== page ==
Although the thermometer never quite reached 80° Fahr. in the shade until we touched land, the weather on the 28th and 29th was hot and close, and few passengers kept up the wholesome practice of a constitutional walk on the long deck of the Don.

Of the rain which constantly seemed impending very

little fell.

At daybreak on the morning of the 30th, in twelve days and seventeen hours, we completed the run of about 3340 nautical miles which separates Southampton from Barbadoes, and found ourselves in the roads of Bridgetown, about a mile from the shore.



Being somewhat prepared, I was not altogether surprised to find that this first view of a tropical island forcibly reminded me of the last land I had beheld at home--the northern shores of the Isle of Wight. Long swelling hills, on which well-grown trees intervene between tracts of tillage, present much the same general outline, and at this distance the only marked difference was the intense dark-green colour of the large trees that embower the town and nearly conceal all but a few of the chief buildings. The appearance of things as the morning advanced quite confirmed the reputation of this small island as the most prosperous, and, in proportion to its extent, the most productive of the West Indian Islands. With an area not greater than that of the Isle of Wight, and a population of about sixty thousand whites and rather more than a hundred thousand negroes, the value of the exports and imports surpasses a million sterling under each head; and, besides this, it is the centre of a considerable transit trade with the other islands. Under local representative institutions, which have subsisted since the island was first occupied by the English early in the seventeenth century, the finances are flourishing, and the colonial government is free from debt. The average annual produce of sugar is reckoned at forty-four thousand hogsheads, but varies with the amount of rainfall. This averages from fifty-eight to fifty-nine inches annually, but any considerable deficiency, such as occurred in the year 1873, leads to a proportionate diminution in the sugar crop.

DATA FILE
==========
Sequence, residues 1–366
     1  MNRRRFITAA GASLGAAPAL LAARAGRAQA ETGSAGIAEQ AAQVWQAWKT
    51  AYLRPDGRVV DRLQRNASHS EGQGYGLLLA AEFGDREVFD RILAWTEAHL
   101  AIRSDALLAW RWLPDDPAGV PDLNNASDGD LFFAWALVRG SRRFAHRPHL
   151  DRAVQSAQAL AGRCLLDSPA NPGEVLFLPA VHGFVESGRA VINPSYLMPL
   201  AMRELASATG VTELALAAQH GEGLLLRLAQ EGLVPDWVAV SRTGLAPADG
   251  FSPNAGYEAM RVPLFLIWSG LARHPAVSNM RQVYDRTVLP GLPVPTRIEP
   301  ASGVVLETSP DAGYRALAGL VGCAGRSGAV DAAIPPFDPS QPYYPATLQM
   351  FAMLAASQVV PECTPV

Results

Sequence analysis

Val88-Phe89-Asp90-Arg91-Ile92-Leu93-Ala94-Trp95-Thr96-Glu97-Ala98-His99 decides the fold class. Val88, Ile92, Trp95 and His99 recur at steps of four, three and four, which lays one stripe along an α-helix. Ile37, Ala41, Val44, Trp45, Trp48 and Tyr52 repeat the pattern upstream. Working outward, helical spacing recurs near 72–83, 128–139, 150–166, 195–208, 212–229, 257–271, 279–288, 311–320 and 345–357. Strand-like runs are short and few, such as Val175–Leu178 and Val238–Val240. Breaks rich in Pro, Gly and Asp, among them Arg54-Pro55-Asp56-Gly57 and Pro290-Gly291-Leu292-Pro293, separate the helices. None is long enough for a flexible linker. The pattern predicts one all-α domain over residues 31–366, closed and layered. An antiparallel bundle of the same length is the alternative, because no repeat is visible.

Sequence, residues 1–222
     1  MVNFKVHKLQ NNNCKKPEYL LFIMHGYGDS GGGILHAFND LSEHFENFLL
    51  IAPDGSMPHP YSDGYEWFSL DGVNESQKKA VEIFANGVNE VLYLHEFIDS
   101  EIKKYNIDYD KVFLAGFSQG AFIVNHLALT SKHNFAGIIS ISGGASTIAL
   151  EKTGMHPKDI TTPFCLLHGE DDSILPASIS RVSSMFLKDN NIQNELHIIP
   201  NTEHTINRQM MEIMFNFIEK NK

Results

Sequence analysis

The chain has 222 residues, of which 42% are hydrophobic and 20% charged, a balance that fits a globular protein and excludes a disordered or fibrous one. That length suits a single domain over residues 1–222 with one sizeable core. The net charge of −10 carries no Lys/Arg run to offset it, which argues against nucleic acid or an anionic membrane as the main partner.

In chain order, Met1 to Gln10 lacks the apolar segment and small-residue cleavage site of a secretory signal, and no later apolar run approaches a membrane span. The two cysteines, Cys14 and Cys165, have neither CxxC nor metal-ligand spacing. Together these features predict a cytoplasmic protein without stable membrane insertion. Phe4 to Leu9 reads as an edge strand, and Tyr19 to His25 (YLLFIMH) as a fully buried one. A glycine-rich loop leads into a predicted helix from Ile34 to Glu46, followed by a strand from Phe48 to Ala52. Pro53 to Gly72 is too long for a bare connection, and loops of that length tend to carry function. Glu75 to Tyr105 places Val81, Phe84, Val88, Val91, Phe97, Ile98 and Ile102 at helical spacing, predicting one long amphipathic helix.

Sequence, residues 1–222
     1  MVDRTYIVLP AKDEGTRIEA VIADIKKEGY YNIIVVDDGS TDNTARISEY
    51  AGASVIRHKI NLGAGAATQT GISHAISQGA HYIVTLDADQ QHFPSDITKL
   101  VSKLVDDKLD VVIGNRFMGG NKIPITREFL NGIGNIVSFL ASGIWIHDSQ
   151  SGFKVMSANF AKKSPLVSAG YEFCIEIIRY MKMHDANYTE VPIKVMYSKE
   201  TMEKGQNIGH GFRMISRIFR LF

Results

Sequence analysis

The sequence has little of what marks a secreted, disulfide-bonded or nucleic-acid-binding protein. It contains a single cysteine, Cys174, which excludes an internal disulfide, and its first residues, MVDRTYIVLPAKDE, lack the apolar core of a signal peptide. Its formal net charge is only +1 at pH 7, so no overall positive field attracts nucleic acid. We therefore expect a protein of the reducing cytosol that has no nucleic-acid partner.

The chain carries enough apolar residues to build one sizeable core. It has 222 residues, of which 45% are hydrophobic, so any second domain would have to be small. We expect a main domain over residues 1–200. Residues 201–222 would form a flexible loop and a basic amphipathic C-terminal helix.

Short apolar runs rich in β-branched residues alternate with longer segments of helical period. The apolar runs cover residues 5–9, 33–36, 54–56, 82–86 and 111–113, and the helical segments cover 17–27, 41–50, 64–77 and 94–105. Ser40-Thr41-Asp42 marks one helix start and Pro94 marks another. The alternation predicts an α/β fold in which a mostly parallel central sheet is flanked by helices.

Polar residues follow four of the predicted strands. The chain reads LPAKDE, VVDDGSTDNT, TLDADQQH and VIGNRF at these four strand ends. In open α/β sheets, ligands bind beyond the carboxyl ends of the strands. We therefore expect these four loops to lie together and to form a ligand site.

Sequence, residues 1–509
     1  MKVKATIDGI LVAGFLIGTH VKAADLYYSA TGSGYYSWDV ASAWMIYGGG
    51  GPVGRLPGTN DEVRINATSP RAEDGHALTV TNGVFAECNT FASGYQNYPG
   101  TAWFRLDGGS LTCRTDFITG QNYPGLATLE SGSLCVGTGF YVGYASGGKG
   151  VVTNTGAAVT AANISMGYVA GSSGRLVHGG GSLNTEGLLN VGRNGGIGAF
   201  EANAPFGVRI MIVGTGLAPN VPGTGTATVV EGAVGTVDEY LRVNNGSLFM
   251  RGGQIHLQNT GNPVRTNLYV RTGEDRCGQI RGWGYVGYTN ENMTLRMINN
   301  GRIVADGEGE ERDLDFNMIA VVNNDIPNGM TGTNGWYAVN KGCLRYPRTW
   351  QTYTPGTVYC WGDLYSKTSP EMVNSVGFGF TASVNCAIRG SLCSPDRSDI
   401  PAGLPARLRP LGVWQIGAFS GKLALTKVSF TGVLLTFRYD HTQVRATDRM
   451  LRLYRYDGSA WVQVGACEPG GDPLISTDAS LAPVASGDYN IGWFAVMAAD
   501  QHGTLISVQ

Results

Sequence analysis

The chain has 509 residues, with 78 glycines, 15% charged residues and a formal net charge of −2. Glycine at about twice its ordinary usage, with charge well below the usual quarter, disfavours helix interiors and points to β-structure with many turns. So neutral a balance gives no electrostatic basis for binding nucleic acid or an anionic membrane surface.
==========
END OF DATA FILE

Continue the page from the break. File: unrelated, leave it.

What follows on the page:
Among other tokens of civilization, the harbour

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police at Bridgetown appeared to be thoroughly efficient. As, about nine o'clock, we prepared to go ashore, we found on deck two privates—black men in plain uniform—who seemed to have no difficulty in keeping perfect order amid the crowd of boatmen that swarmed round the big ship. We had already learned the event of the hour—the fall of three inches of rain during the day and night preceding our arrival. This is more than usually falls during the entire month of March, and seemed to be welcomed by the entire population. On landing we encountered a good deal of greasy grey mud in the streets, but all was nearly dry when, after a short excursion, we returned in the afternoon. After a short stay in the town, where there was a little shopping to be done, and where some of my companions indulged in a second breakfast of fried flying-fish, I started with a pleasant party of fellow-travellers to see something of the island. It was arranged that, after a drive of six or seven miles, we should go to luncheon at the house of Mr. C-, the owner of a sugar-plantation, whose brother, Colonel C-7, was one of our fellowpassengers. We enjoyed the benefit of the recent heavy rain in the comparative coolness of the airthe thermometer scarcely rose above 80° Fahr. in the shade—and in freedom from dust.

A small, low island, nearly every acre of which has been reduced to cultivation, cannot offer very much of picturesque beauty ; nevertheless the first peep of the tropics did not fail to present abundant matter of interest. In this part of the world the dry season, now coming to an end, is the winter of vegetation,